Thousands gather to mourn 9/11 first responder who fought for other Ground Zero workers

Thousands gathered for a final goodbye Wednesday to an NYPD hero from Oceanside at the Immaculate Conception Church in Astoria.
Luis Alvarez, 53, was a 9/11 first responder who spent his final days fighting for other Ground Zero workers.
At his wake Tuesday, Alvarez's family described him as a quiet man, the man they knew was just a normal guy.
However, last month the nation learned just what a fighter Alvarez was. Alvarez was a U.S. Marine Corps veteran, a retired NYPD Bomb Squad detective and a 9/11 first responder who sat alongside Jon Stewart on Capitol Hill to fight for the replenishing of the 9/11 victims' compensation fund.
At that point he was also fighting another battle, cancer from spending weeks inhaling the toxic dust at Ground Zero.
Alvarez died over the weekend, but before he did, his brother Phil says he continued to speak out.
"He knew he only had a few days, but he just wanted to finish the job that he started," said Phil Alvarez.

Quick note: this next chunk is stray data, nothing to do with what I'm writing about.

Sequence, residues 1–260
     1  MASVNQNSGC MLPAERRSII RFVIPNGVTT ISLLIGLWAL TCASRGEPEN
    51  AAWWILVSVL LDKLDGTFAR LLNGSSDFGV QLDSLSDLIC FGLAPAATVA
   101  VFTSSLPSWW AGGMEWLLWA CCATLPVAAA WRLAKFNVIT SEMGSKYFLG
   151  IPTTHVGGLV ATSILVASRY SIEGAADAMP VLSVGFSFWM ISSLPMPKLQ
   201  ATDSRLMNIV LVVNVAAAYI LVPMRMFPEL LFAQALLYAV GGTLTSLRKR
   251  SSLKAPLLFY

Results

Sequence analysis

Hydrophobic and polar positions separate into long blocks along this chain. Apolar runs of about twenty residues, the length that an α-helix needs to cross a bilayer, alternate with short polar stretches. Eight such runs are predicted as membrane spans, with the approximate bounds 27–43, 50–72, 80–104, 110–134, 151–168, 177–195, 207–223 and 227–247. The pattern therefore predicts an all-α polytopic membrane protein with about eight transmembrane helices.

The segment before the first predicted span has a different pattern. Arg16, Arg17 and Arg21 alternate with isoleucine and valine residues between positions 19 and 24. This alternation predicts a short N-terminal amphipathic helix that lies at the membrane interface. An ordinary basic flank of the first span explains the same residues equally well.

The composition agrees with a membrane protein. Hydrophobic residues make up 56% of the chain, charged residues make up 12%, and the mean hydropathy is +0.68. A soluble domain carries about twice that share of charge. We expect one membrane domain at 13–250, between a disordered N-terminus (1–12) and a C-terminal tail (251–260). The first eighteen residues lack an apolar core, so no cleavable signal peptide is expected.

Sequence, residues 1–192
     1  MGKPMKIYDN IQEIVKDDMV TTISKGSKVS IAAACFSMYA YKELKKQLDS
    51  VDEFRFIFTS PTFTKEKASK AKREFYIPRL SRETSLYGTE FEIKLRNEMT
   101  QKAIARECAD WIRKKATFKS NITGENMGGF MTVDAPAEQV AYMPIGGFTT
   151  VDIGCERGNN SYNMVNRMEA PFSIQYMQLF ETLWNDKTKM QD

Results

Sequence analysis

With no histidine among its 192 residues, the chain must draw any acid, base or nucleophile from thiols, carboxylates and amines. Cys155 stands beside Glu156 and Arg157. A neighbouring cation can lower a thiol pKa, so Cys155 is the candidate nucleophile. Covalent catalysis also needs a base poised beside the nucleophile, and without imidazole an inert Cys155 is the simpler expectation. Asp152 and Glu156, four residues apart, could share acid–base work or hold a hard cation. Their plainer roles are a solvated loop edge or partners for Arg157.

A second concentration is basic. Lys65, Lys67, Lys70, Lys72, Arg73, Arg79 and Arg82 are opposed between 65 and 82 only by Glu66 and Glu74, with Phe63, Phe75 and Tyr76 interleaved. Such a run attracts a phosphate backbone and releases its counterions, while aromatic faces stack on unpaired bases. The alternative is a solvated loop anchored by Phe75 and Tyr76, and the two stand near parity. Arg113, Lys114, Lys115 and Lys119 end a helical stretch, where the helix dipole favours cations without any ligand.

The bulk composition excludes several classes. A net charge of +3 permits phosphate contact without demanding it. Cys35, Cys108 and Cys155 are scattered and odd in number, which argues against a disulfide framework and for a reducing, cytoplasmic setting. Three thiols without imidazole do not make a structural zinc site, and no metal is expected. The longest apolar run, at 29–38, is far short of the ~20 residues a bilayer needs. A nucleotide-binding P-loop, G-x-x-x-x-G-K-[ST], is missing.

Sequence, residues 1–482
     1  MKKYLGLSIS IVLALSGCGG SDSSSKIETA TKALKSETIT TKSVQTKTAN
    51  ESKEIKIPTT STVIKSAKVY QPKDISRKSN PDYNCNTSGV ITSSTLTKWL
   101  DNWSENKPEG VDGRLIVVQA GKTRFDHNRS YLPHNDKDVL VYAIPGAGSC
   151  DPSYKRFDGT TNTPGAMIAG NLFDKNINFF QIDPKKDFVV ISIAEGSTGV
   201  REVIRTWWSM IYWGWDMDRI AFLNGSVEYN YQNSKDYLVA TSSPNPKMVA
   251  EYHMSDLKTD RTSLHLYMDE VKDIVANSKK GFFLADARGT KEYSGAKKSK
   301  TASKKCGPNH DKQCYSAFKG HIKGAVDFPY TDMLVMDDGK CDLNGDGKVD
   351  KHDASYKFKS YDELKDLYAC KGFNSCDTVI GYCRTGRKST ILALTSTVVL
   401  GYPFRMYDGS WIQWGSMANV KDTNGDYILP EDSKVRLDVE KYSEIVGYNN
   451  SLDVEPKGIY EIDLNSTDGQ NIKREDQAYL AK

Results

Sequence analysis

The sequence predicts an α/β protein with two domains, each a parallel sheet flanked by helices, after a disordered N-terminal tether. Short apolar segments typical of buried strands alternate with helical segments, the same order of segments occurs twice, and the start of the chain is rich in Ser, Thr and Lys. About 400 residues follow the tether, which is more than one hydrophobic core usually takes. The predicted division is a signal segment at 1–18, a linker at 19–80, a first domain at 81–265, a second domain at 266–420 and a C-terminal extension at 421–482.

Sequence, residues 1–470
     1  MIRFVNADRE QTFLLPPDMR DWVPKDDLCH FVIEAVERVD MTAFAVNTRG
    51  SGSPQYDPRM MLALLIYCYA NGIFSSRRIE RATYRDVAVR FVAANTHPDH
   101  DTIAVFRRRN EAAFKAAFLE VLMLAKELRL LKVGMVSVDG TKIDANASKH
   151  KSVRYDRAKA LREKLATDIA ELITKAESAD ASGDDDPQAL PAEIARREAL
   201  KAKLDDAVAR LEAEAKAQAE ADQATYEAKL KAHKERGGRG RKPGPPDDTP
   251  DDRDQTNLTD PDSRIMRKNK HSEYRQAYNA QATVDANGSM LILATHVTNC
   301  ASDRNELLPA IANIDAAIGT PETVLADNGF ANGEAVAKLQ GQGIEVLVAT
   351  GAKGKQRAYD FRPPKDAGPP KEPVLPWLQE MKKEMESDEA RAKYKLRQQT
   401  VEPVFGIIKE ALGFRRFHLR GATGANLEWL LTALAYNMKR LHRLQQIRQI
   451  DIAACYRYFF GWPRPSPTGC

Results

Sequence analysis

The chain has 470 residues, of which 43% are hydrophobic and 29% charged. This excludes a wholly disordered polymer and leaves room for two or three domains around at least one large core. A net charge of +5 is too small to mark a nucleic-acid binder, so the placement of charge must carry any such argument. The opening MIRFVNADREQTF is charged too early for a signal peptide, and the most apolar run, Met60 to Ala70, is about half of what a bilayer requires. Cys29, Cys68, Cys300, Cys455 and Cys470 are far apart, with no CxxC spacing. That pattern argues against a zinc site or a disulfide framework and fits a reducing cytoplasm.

New York City Mayor Bill de Blasio, along with a seemingly never-ending line of mourners came to pay their respects at Alvarez's wake.
"You know, most people would want to spend their last days and weeks with their family," says John Feal, of the FealGood Foundation. "Luis wanted to make a difference."
"He was a hero, and because of him we are going to pass this bill," says Rep. Peter King.
Alvarez's former partner said, "Luis was the quietest man I have ever worked with, but in the end, he made the most noise."
Alvarez's son and sister spoke during the services. Jon Stewart was also present at the funeral.
"Before he became an American hero, he was mine," says his son David Alvarez. "He was my hero. My inspiration, the one, above all, I wanted to make proud."
Alvarez's brother says his fight has now become the entire family's fight and they will see it through till the end. He leaves behind a wife and three sons.
In a statement, the family called Alvarez a warrior and asked everyone to remember his words: "Please take care of yourselves and each other."